Before I go, I wanted to give you guys a couple of links to check out. The first is Shawn's Little Corner of Cyberspace, a personal web page written by a friend I met on the Toastyfrog message board. The second is Kelvin's Den, by the creator of Macropod Madness and Eleven Will Die. I've done some artwork for both of these guys and although I can't recommend it to all of my readers, the ones who actually like my character Byron might enjoy it.

Speaking of Byron, here's a picture of the little tyke while you're waiting for the premiere of my upcoming, sure to be trashed by Something Awful art site Rogue's Gallery.

May 19, 2002...  School's Out for the Summer (also, MAME shooters)

Yes! No more pencils, no more books, no more teacher's dirty looks... and best of all, plenty of time to update The Gameroom Blitz. Now that all my college courses for the semester are finished, I've got plenty of time to work on not only this site, but a new one that should be available in another couple of months. I'm finally confident enough about my artwork to start an on-line portfolio, and I think you're gonna like what I'll have available on Rogue's Gallery. In addition to THAT, I'll be doing more comics and drawings for Chris Farrington's site and helping a couple of friends design an intense shooter that hearkens back to the good old days, when video games were all action and no pointless filler. What the heck, as long as I'm making plans, maybe I'll even spend some time at the college gym, working on losing all the weight I gained over the winter. Heh heh, dare to dream, right? :D

Anyway, since I've been gone for so long, I guess I owe you guys a pretty big update. Fortunately, I've been squeezing in the occasional game between finals, and my contributors have been really generous over the past month, so it shouldn't be a problem. In fact, now that I have all of these MAME discs, I'm thinking of starting a brand new section devoted to arcade emulation. There are just so many games to talk about, including dozens with characters, themes, and play mechanics so strange I'm amazed they were released at all. Take Puchi Carat, the Breakout/Bust-A-Move hybrid overflowing with cute, sometimes barely dressed anime characters. It's pretty, it's sooo pretty, but the somewhat random gameplay prevents you from playing strategically (and what good is a versus puzzler if you can't plan your moves in advance?). Then there was Dangun Feveron, the shooter that thinks it's a dance and rythm game. Nevertheless, it is excellent... nothing's ever going to top Radiant Silvergun but this comes a lot closer than the dozens of cookie-cutter Raiden/Aero Fighters clones available for MAME. Twin Cobra 2 was a fantastic shooter, too... the gameplay itself was fairly standard, but it has some of the most effective scaling effects I've ever seen. Your helicopter will change altitudes at certain points in each round, and it's very exciting to watch your chopper cut through clouds and race toward a city teeming with enemies. Finally (well, not REALLY finally, because there are too many games available for MAME to talk about them all here), there was a rather odd title that took place on a circuit board. You played as a little spark, trying to reach the end of the circuit while blasting resistors and avoiding other sparks. Great... it's like I'm taking my unbelievably dull Intro to Electricity class all over again.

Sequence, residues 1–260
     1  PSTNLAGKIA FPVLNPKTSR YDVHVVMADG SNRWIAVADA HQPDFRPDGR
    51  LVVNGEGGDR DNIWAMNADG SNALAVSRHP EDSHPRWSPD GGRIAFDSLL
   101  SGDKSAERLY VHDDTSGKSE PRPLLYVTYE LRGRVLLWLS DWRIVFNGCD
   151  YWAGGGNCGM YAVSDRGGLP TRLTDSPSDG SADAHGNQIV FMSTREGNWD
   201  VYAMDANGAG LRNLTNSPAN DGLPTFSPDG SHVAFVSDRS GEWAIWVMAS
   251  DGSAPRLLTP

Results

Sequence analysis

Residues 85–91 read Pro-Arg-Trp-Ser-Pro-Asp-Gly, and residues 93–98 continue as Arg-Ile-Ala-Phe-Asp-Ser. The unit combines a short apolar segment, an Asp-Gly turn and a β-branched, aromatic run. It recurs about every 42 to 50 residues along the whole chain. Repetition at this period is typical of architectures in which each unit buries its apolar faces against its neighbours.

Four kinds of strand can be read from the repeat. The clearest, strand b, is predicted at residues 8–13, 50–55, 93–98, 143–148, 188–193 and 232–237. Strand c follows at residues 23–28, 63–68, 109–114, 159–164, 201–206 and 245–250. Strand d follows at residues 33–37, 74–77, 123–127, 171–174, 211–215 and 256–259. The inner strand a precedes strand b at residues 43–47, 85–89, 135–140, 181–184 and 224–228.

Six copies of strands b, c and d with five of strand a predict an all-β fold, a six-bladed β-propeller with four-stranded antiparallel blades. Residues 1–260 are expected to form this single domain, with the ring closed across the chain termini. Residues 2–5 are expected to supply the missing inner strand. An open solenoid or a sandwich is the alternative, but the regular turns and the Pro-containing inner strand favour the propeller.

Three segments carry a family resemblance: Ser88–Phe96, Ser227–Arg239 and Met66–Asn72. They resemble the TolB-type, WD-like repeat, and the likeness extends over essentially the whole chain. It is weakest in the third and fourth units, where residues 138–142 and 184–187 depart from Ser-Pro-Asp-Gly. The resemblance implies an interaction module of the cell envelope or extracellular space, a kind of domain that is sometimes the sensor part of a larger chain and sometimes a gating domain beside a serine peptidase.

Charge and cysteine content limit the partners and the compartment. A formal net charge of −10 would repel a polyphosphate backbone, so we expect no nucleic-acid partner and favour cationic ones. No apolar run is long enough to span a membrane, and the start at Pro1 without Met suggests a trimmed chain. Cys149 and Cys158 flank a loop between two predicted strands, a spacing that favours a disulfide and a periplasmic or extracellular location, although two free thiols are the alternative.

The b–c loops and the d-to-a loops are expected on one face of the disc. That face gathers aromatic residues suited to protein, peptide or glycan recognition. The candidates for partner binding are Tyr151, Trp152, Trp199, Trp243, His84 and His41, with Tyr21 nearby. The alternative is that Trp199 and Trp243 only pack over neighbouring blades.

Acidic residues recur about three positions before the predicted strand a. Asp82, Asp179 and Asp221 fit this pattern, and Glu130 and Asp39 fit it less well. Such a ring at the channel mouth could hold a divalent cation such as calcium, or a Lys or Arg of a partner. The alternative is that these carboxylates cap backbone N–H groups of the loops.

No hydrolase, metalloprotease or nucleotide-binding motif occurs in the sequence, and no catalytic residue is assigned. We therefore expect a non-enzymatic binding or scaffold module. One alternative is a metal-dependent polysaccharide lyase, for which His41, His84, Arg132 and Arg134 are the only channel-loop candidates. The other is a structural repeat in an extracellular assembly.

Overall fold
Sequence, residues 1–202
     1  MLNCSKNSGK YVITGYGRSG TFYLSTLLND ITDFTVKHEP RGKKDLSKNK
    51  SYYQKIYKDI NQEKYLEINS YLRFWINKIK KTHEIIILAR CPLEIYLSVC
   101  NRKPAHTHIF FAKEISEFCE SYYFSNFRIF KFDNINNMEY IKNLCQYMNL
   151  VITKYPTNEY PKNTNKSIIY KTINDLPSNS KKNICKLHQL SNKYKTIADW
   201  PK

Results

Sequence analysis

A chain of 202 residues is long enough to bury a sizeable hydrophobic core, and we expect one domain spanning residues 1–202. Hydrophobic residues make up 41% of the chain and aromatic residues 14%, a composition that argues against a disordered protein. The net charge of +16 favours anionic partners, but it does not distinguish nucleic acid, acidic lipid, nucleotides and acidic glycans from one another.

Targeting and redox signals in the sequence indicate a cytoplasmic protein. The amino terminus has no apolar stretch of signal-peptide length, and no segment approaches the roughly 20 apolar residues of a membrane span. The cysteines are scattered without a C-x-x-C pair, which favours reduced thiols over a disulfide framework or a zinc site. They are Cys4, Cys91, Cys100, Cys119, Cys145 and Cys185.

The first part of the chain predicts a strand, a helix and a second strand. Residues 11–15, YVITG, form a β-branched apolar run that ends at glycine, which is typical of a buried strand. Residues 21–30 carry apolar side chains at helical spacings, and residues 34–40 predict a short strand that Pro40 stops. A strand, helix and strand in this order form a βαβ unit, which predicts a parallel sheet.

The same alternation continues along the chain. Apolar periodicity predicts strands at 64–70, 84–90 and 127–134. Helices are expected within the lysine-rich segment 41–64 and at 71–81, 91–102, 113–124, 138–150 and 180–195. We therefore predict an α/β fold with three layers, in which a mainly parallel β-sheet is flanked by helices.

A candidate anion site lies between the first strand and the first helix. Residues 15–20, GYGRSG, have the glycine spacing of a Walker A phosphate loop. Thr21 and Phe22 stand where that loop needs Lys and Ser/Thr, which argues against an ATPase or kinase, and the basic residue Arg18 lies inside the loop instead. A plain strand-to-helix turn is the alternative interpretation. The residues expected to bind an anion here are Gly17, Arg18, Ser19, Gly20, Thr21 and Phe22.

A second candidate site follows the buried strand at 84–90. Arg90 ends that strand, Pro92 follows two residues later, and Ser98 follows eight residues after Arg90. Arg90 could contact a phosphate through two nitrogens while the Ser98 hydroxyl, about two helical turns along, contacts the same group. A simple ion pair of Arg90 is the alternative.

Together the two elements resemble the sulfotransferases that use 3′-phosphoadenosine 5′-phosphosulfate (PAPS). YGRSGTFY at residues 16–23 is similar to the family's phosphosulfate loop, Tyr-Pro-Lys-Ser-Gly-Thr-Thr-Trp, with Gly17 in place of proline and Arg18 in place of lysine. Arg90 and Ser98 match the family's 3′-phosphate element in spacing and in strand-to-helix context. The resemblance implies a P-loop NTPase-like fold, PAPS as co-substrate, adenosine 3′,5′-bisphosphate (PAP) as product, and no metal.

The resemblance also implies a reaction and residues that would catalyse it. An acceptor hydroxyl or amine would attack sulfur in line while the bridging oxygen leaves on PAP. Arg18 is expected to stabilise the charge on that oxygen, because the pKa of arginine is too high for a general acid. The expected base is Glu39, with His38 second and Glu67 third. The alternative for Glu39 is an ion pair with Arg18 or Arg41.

I've been doing a little collecting too, a hobby that's been facilitated by the incredible prices at Blockbuster Video. As much as I hate to praise a company that's owned by Viacom, I have to give them credit for slashing the prices of their overstocked games to lows even my local pawn shops couldn't hope to top. "Wow, what a difference", indeed! I didn't think I needed a copy of Konami Krazy Racers, but at $6.99 there was no way I could resist it (by the way, it's actually a pretty good kart racer, even if Konami's characters were the last ones I'd imagine in a game like this). Dreamcast games were even more ludicrously cheap, averaging about five dollars a pop... if they were priced any lower than that Blockbuster may as well have thrown them away. Naturally, I was drawn straight to the Capcom fighters on the shelves and took those home... I didn't really want Street Fighter III: Third Strike before, but a five dollar price tag tends to change one's mind really quickly about a purchase. The same goes for Power Stone 2, although after playing a half hour of this frustrating button masher I'm starting to wonder if I should have just left it alone and bought Spiderman instead. Oh well, I can always make more trips down there, and I strongly recommend that you do as well. You'll be really surprised at what you'll find... quite happily surprised if you're a Dreamcast or Game Boy Advance fan. I've heard rumors of really cheap Playstation 2 games, too (how does ten dollars for Maximo strike you? Yeah, that's what I thought...), but by the time I went down there all they had left was a less than generously priced State of Emergency. You'd better head to your local Blockbuster sooner than possible if you want any hope of getting the best Playstation 2 games for a great price.